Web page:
Federal financial institution regulators are likely to advise privately held banks, credit unions and others that they have one more year to comply with new “current expected credit loss” (CECL) accounting standards following a proposal Wednesday by the financial accounting standards-setting group.
The Financial Accounting Standards Board (FASB) voted to propose providing credit unions, privately held banks, and other smaller entities a one-year extension – to January 2023 – for complying with the CECL standards.
The board had previously extended the compliance date to 2022 just last fall (a one-year extension from the previous date). The proposal will be subject to a 30-day public comment period by the FASB, following the board’s procedure.
However, given the outcry over compliance from a number of organizations and financial institutions about complying with the standard – which is intended to improve financial reporting by requiring timelier recording of credit losses on loans and other financial instruments held by financial institutions and other organizations – it’s likely the extension will be applied.
Political pressure has also been building over compliance with the accounting standard. Also Wednesday, moments before the FASB voted, Rep. Blaine Luetkemeyer, R-Mo. and ranking member of the House Financial Institutions Subcommittee, said at the start of a hearing that “it’s irresponsible to blindly implement CECL before the economic effects are fully understood.” Luetkemeyer noted that he had joined a bipartisan group of House members supporting legislation (H.R. 3182) to “stop and study” the CECL standard’s impact on smaller institutions.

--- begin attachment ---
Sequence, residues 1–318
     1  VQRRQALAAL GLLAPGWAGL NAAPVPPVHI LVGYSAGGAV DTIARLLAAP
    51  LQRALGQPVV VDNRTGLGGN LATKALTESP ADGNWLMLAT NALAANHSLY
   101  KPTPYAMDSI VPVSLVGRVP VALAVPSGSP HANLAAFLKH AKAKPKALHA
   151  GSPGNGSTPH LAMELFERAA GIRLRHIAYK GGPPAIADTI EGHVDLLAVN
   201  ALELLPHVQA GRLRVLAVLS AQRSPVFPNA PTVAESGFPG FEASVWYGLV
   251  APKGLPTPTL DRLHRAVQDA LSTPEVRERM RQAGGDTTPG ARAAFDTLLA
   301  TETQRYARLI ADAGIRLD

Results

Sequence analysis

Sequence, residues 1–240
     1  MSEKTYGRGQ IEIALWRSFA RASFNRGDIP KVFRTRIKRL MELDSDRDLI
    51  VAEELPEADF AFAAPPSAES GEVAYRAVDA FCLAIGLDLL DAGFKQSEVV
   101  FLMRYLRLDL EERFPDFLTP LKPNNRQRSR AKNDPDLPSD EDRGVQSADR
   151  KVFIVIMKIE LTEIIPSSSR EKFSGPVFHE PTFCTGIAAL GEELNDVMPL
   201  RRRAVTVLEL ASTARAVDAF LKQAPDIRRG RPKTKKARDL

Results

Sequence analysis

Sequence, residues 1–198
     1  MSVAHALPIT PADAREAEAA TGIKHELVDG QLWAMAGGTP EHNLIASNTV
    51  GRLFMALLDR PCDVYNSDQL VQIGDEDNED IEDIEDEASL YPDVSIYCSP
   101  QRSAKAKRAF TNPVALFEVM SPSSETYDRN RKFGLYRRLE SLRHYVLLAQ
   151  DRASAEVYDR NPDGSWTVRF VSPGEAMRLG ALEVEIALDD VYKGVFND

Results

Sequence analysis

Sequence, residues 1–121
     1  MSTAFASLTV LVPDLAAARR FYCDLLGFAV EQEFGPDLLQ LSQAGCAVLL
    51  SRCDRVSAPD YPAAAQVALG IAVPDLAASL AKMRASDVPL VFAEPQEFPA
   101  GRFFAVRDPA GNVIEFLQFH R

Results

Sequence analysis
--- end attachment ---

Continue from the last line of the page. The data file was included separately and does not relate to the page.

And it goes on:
During the FASB meeting Wednesday, Board Member Hal Schroeder noted that smaller organizations are capable of compliance with CECL by 2022, but it would be “a compliance exercise.” He added that, in order to comply with CECL “in a thoughtful manner,” credit unions, privately held banks and others need more time. “To me, that’s the winning argument,” he said.
Regulators have followed closely the development of the rule since its adoption in 2016, and various compliance date extensions since then. In April, the federal banking agencies and the National Credit Union Administration (NCUA) jointly published a list of “frequently asked questions” about the accounting standard – the third such set of FAQs published since the rule’s adoption nearly three years ago.